The inexorable rise of work markets
The role and prominence of online markets for work have soared dramatically over the last few years, but this is just the beginning.
I have been following the rise of online markets for work since Elance was founded in 1999, writing about them in my 2002 book Living Networks and dedicating a large chunk of Getting Results From Crowds to how to effectively manage work markets.
Prominent VC Fred Wilson of Union Square Ventures has just written a post The Nature Of The Firm and Work Markets, referencing, as I did in both of these books, the seminal work of Ronald Coase. Wilson writes:
Coase argues that transaction costs that make “trading bilaterally through contracts” expensive spur the organization of firms. And if those transaction costs could be eliminated, more individuals would choose to trade with each other rather than forming partnerships, companies, and other business entities.
Enter the internet and having a computer in your pocket into this model and things change. Technology has been causing these transaction costs to drop precipitously for years now and the result is we have seen the emergence of work markets in which “individuals trade bilaterally through contracts.”
He goes on to reference one of their portfolio companies, WorkMarket, that plays at the heart of this space. He also points to a post by his colleague Christina Cacioppo who suggests in an interesting post on the biggest themes for tech entrepreneurs today that “work is shifting toward a peer-to-peer model”:
The first two decades of the modern internet broke industries built on distribution monopolies (e.g. music, news) and facilitated coordination between the consumer and the provider without the need for a middleman (e.g. hotels, car rentals.) The same will happen for a large fraction of our work, especially in cases where the work is standardized or employers “distribute” their workers to pools of customers.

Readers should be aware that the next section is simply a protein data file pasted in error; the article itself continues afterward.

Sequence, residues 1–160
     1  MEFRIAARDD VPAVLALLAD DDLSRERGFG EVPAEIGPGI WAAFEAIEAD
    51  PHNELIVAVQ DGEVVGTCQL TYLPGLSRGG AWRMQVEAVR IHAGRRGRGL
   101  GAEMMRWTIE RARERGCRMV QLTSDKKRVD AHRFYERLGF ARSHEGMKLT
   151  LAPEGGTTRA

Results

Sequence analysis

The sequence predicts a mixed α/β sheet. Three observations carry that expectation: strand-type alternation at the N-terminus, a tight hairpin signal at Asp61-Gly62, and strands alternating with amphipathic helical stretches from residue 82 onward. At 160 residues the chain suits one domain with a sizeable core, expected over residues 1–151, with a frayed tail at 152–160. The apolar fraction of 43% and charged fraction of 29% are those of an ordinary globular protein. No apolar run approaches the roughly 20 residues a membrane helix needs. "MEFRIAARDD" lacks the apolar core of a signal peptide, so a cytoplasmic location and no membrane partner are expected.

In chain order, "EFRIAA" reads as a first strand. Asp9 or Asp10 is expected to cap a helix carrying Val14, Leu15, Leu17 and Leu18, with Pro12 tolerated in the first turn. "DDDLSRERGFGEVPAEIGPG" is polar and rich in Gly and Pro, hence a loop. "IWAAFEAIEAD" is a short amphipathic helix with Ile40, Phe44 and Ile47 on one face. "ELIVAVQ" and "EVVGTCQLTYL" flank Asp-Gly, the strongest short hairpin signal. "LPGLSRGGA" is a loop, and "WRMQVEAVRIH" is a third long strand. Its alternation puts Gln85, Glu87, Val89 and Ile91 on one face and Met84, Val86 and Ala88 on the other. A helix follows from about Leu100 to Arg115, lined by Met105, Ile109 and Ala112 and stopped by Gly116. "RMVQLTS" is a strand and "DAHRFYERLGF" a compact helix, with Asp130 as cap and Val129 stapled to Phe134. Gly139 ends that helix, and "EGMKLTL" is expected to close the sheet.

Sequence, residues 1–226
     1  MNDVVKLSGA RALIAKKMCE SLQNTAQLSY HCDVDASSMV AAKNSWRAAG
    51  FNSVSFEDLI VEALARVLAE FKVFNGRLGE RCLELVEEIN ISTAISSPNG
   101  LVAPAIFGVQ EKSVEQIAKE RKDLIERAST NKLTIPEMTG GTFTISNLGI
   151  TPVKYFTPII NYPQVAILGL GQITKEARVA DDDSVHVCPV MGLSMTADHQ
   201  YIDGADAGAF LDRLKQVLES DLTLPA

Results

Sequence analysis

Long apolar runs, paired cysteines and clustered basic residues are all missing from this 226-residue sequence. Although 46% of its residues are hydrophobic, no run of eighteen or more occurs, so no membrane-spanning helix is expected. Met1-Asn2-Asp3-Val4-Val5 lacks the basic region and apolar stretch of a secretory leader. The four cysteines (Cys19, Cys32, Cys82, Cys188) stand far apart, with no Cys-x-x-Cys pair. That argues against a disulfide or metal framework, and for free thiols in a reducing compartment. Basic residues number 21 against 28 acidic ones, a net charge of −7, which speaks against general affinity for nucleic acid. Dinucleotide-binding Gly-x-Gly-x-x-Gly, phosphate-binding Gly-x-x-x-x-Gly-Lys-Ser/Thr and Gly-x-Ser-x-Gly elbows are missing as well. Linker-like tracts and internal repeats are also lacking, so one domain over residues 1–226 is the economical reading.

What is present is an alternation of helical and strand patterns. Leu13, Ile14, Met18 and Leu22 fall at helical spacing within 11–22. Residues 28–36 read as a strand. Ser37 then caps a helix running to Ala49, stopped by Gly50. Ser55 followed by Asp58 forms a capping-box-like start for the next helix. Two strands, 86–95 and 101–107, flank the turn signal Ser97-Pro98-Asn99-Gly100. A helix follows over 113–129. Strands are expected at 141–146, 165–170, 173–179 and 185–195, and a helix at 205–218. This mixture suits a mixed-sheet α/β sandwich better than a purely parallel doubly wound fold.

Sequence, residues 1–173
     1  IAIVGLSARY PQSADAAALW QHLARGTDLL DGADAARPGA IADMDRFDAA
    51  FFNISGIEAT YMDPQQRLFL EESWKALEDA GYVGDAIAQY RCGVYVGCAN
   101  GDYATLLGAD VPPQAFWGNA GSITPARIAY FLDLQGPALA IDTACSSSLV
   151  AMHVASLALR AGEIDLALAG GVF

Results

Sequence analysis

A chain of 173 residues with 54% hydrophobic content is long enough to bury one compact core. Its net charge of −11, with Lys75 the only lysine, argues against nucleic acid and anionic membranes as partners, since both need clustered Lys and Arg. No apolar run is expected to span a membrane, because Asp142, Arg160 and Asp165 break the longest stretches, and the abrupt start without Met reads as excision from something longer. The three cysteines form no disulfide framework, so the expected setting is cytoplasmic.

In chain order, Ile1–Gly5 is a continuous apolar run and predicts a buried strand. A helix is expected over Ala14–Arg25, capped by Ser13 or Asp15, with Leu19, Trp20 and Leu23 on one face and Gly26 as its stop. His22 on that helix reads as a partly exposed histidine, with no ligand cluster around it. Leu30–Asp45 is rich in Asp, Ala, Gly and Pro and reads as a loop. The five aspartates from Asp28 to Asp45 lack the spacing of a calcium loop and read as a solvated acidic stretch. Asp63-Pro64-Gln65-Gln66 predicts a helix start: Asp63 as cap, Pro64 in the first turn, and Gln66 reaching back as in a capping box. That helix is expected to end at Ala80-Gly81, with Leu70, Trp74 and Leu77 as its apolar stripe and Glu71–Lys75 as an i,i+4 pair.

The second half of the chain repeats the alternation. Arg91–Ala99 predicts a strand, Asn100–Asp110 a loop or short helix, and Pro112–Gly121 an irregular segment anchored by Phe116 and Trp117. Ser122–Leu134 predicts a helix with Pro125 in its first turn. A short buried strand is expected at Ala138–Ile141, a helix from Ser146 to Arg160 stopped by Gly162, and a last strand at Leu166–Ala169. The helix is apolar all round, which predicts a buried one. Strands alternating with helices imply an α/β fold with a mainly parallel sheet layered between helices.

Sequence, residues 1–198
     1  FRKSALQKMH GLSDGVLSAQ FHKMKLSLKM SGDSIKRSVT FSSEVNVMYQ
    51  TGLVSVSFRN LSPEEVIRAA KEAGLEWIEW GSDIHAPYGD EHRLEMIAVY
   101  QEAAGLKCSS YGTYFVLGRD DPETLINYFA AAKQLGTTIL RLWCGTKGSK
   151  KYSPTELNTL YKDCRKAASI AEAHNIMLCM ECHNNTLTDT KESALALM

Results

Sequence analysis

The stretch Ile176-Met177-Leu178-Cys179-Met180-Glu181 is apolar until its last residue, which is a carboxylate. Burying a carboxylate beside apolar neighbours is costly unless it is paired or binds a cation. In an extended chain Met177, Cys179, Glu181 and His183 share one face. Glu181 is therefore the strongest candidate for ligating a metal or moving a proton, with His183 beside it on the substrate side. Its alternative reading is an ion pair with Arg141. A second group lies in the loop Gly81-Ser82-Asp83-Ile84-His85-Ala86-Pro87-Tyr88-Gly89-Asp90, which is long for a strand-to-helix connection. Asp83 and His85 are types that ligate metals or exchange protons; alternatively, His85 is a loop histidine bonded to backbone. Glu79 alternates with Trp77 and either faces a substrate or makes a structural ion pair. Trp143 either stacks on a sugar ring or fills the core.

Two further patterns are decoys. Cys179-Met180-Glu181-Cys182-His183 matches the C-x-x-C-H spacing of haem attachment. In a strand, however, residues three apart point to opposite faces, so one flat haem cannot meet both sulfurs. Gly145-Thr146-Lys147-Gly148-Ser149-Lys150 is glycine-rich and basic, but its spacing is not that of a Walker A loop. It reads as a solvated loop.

One reason to create firms is the coordination and signaling problems of situations with imperfect information and transaction costs. As technology increases information flows and decreases transaction costs, individuals can leave their old employers and strike out on their own. Their livelihoods will still depend on providing valuable services in exchange for fees, but they’ll do so as freelancers – and on their own, they’ll capture more of the value generated by their work.
Just as blogs allowed talented writers to build audiences without being affiliated with large media organizations, and as Twitter and Tumblr allowed news- and tastemakers to succeed outside of established news or media properties, new web services will allow individuals to engage with customers without needing to work for a firm.
Indeed, while what I call ‘service marketplaces‘ have already significantly changed the work landscape, this is just the beginning.
Investors as well as workers, companies, and nations need to understand and shift to the heart of liquid flows of work around the world, as transactions costs move towards zero.